If you are just stopping in, this is the twelfth post in my 31 Day Series: I Wear Pink. Join me as I share my breast cancer journey. You can find the previous posts here.
As I shared on Day 10, the surgeon sent me for yet another test, a MRI, to further assess the interaction between the chest wall and the tumor and to make sure that there wasn't additional cancer present in my other breast. The good news - compression was not involved. The bad news an IV line is required for the contrast material that is used to get the images. However, the exam itself is not bad. You end up lying on your stomach rather like Superman with your arms stretched out. You can read about breast MRI's here, if you are interested in knowing more.
My doctor learned from the images taken that day that there was some involvement of my chest wall and the tumor, but no further cancers in either breast. I learned something, too.
I had returned to work and continued to be involved with my family, even going to a Valentine Festival with my youngest son. But I had spent a week or so thinking of myself as a "person with cancer." I came home from work and rested. I felt a little useless. Sure I thought about cleaning the closets, the basement, and my underwear drawer so I wouldn't be embarrassed, just in case I didn't make it, but I didn't do it. I told myself it was okay, after all I had cancer, how much could reasonably be expected of me? Except that if I didn't know that I had cancer, I would not have known that I had cancer. I felt absolutely fine. I felt healthy. I had the energy to do more than I was doing and I needed to do it.
Which is where the lesson at the MRI comes in. As I was leaving, an elderly, make that very elderly, couple was attempting to come through the door. The tiny white haired lady looked as though a gentle wind could knock her off of her feet. This frail woman was supporting her husband and trying to hold the door at the same time. Her husband was only slightly larger than her, but bent over at the waist. He had an oxygen tank wheeling along beside him. Between the two of them, the door, and the oxygen tank they were having great difficulty. They clearly needed help. A nurse leapt up to grab the door and offered a wheel chair. This offer was accepted gratefully, but the nurse had now lent her hand to support the exhausted pair. That left me, the "person with cancer" to go get the wheelchair. I knew where it was. I had spent so much time at the health center recently I had my own coffee cup. I quickly retrieved the wheelchair and helped the nurse to settle the gentleman in it. He gasped out a thank you. His sweet wife also offered her appreciation for our efforts on their behalf. I humbly muttered that it was my pleasure. And it was my pleasure. The two of them had helped me to recognize that just because I was a person with cancer didn't mean that I should put myself on the shelf. I still had contributions to make. There were things that I could do, useful things, meaningful things, and I needed to do them for my family, for my students, and for me.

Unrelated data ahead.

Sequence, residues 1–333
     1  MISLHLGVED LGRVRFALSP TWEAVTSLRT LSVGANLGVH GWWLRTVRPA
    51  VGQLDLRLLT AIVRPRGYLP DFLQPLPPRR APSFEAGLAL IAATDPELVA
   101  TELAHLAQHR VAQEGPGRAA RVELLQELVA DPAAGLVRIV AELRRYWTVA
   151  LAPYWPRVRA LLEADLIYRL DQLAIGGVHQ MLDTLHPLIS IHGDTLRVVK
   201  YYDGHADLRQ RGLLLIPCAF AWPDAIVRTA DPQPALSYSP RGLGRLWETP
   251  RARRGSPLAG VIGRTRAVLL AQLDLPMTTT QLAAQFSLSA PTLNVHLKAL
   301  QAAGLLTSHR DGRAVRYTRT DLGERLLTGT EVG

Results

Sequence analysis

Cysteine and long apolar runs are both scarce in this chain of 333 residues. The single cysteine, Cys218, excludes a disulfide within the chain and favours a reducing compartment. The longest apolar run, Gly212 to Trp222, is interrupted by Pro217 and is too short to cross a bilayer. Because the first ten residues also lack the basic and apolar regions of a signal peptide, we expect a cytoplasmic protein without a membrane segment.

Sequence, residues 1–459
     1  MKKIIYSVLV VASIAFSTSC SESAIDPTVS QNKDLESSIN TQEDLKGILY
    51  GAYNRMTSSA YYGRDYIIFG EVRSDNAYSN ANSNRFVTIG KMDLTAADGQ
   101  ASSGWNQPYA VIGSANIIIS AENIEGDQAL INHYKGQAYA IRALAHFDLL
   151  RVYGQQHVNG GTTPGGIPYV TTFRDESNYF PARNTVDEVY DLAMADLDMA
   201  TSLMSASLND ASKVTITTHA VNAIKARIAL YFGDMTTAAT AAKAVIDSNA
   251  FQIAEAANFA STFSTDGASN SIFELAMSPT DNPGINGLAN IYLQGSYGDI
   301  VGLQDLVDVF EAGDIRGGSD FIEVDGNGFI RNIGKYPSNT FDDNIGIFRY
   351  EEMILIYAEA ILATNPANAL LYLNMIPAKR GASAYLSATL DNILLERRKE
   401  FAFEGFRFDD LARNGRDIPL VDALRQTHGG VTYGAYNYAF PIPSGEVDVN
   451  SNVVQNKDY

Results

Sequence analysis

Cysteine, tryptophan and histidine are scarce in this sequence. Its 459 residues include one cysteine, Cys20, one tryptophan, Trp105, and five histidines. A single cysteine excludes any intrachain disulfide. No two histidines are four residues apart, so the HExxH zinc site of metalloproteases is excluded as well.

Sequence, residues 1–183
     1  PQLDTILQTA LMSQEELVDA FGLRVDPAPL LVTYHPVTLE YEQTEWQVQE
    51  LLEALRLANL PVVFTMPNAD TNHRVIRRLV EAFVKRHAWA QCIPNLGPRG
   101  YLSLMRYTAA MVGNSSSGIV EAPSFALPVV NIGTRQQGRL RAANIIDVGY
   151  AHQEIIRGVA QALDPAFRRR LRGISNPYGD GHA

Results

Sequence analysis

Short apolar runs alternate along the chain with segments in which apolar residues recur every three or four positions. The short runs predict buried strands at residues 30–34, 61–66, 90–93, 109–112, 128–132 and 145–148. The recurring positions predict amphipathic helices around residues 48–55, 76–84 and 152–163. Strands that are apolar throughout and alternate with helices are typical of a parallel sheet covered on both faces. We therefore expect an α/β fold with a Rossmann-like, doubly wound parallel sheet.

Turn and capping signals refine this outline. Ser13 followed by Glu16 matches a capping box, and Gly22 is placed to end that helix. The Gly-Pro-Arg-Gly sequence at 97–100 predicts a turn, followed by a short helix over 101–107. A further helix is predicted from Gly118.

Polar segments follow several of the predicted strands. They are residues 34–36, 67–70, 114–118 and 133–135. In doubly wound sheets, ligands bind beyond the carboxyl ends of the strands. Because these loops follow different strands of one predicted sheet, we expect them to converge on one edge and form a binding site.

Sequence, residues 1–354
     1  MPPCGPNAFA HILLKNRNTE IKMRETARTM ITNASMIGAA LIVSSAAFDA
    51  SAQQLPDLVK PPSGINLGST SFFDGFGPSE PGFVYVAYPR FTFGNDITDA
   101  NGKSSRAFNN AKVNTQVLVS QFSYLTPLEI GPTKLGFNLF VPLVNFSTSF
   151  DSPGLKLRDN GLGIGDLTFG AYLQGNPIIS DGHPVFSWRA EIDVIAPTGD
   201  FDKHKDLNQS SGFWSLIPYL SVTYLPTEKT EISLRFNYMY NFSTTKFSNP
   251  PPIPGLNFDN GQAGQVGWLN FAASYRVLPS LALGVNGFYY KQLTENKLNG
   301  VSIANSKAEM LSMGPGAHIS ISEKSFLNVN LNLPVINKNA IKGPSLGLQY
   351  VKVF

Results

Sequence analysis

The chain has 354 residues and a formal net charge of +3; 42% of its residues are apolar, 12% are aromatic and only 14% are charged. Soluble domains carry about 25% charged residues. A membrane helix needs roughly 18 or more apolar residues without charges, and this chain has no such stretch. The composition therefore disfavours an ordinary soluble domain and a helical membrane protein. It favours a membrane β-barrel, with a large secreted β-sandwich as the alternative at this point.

One of my favorite verses in the Bible is, "For the Lord your God is a consuming fire. ~Deuteronomy 4:24." I had been shipwrecked when I found out that I had cancer, but the wind had stopped blowing and now it was time for me to kindle a fire. I needed to get back to being a wife, a mother, a friend, a teacher, and a daughter of the King.